On 18 February 1943, the Armia Krajowa’s commander, General Stefan Rowecki, issued an order specifying that all sabotage, partisan and terrorist actions be signed with the Kotwica. On 25 February, the official organ of the Armia Krajowa, Biuletyn Informacyjny, called the Kotwica “the sign of the underground Polish Army”. The emblem gained enormous popularity and became recognized throughout occupied Poland. During the later stages of the war, most of the political and military organizations in Poland (even those not related to the Armia Krajowa) adopted it as their symbol. It was painted on the walls of Polish cities, stamped on German banknotes and post stamps, printed on the headers of underground newspapers and books, and it also became one of the symbols of the Warsaw Uprising (the letters P and W are also abbreviations of Wojsko Polskie (“Polish Army”) and Powstanie Warszawskie (“Warsaw Uprising”).


After having visited Auschwitz and Birkenau earlier in our trip, I felt particularly raw and sad when viewing this secluded area. Lucjan then explained that we were seeing memorials to people who had served in the Polish Armia Krajowa and had died in Auschwitz as a result. Although the crypts were full sized I wondered if they were empty as it is hard to believe that the Nazis would release bodies of dissidents. After taking a moment to think of the enormity of the sacrifices that so many had made for their fellow Poles and their country we had to move on toward Slovakia.

As we headed south I started to think about how lucky we had been to find so many cousins of Walter’s and like I had told Lucjan the evening before I hoped that we hadn’t used up all of our “luck”. I also was thinking about how beautiful Poland was and wondered if Slovakia could stand up to the comparison. Maybe I would be sorry that we didn’t spend all our time on our genealogical trip in Poland.


As we crossed the border into Slovakia at the Barwinek-Vyšný Komárnik crossing I started to feel even more unsettled. We stopped at what had been the border crossing station as the sky started to turn gray. The concrete building looked as if it was right out of a movie set in the USSR, old and depressing. Lucjan entered the building to convert his cash from Polish Złoty to Slovakia’s, and the most of the European Union’s, Euros. As he walked toward the building I could feel my stomach start to churn.

Barwinek-Vyšný Komárnik border crossing.


We left the crossing and headed further south until we came to the first petrol station in Slovakia. It was crowded with trucks, cars and a large group of teenagers milling about. My imagination started to go wild. Why were those teens there? Were they going to cause trouble? We filled our tank and pressed on, without incident. Real life 1, crazy imagination 0.

Quickly the skies began to clear, and my mood improved. The landscape became much like the one we had just left in Poland, rolling hills with small villages and farms scattered around. Lucjan had mentioned that we would see several areas where old Red Army tanks were sitting on concrete platforms and as we came upon them all that I could think of were the old Communist ways. Back to feelings of trepidation about Slovakia, why after decades of repression would they continue to memorialize Communism? I came to find out that these were monuments to the WWII Battle of Dukla Pass, which was the largest battle, in terms of casualties, that was ever fought in Slovakia. This battle which took place in the summer of 1944 was between the Soviets, who had been asked to assist the Czechoslovakian government and the Nazi forces. 138,000 people were killed, went missing or were wounded in just 50 days. Though the initial Soviet plans had been for the operation to take place over the course of five days, instead it took 50 and the nearby valley became known as the “Valley of Death”.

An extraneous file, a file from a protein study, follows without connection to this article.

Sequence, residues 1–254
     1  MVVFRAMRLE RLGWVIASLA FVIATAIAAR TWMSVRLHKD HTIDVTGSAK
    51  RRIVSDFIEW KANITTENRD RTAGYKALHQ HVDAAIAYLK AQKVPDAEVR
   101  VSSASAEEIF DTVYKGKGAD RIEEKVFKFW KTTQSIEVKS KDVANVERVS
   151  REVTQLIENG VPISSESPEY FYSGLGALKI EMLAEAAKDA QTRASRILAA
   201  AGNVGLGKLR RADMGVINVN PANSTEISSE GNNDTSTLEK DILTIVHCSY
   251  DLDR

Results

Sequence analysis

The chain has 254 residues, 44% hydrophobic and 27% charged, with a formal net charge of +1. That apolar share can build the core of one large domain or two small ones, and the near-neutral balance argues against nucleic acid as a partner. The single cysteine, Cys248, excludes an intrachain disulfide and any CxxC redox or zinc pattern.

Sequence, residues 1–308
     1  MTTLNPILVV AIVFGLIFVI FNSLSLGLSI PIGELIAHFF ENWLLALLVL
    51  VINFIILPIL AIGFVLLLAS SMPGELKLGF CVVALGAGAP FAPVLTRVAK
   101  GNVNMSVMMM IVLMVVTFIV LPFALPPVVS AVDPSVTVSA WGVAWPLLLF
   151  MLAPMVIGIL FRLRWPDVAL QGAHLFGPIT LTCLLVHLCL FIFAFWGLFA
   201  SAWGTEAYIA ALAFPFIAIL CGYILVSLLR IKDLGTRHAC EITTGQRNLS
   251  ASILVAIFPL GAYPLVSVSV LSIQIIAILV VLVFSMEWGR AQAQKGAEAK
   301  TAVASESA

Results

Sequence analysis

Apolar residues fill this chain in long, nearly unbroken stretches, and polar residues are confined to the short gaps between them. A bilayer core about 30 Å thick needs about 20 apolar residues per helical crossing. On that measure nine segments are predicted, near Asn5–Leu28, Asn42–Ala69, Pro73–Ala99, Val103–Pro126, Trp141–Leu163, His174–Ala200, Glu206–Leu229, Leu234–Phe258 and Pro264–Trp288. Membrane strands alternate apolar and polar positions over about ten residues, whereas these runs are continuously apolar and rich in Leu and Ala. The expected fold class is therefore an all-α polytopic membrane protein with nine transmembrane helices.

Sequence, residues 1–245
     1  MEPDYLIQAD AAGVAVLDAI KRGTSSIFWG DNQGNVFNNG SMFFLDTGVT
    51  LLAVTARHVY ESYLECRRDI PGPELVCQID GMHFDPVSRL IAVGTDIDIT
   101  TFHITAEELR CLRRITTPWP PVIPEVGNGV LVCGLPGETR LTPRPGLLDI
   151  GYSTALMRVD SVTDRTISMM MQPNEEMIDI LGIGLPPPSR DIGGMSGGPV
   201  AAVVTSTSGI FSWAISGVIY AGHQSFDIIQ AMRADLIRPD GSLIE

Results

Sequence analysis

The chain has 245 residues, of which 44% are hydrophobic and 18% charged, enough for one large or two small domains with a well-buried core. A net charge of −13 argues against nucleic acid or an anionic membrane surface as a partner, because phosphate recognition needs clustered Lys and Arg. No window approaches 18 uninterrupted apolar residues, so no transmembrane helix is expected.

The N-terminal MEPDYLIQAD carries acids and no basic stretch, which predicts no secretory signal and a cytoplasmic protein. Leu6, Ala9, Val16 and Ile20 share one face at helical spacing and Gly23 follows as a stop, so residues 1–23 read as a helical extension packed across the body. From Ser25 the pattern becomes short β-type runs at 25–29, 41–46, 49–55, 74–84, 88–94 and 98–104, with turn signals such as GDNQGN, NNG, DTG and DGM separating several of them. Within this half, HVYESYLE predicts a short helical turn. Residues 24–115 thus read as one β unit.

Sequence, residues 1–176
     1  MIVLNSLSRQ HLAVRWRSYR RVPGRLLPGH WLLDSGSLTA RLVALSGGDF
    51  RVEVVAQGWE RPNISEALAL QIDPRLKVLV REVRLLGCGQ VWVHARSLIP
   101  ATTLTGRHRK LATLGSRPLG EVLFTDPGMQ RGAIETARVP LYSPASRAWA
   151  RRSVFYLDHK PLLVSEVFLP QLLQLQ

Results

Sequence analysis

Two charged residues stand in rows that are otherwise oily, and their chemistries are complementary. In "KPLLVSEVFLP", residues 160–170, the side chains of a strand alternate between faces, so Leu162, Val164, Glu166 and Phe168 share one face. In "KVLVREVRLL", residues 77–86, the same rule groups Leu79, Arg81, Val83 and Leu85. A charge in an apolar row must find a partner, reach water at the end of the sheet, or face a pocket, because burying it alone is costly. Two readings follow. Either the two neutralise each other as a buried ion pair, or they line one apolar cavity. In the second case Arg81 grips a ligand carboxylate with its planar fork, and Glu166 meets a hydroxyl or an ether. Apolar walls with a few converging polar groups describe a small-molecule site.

Old Red Army tanks.


We finally arrived at what Betty-ski2 told us was the address for the state archives in Prešov. It seemed unlikely that we were at the right location as the building before us was a Roman Catholic church. We got out of the car and walked around a little and then discovered a small sign near an archway. We walked through the arch and found a building that was attached to the back of the church, perhaps a former monastery, or Catholic school. We pushed a buzzer and we were let into the building. Following the signs we were led upstairs to the actual archives. There Lucjan, in his best Slovak which he and others insist is very similar to Polish, explained why we were there. The woman that was working in the archives was all business, she handed Lucjan an index and a form and on it he requested a microfilm which had births and marriages for Veľký Šariš, the Roman Catholic church that was the “home” church to the satellite church that my father’s family the Jaczkos (Yatskos) attended.

State archives in Prešov.

I had known that my two times great grandfather György Jaczko had been married before he married my two times great grandmother Anna Novotny but had never been able to find the record. Lucjan was able to find on that microfilm that he had been married to an Anna Vanyo first. György in order to keep his life simple, I am assuming, after Anna Novotny died from typhus went on to marry again, this time to an Anna Jakabcsik. Three marriages, three Annas, I am sure there is a joke in there somewhere. Things were starting to look up in Slovakia and I was starting to feel like I could relax a little. I made it my mission while we were there to win over the woman who was working there, every time that she would be in the room or that Lucjan would speak to her I would smile and look her in the eyes. She never really returned my smile, but I did find that she eventually looked back into my eyes,
which made me feel as if we had connected on some level. A victory!

One of my questions that I hoped to resolve when visiting Slovakia was how the Gretjak (Graytok/ Burdis) family was related to me and we thought perhaps the visit to the archive would be the place to figure this out. We have always “known” that they were relatives, from things that members of the family had said to my dad, but I had been unable to figure it out. Unfortunately, this was one mystery that survived the trip, try as we might after looking through records at the archive we were unable to find a connection.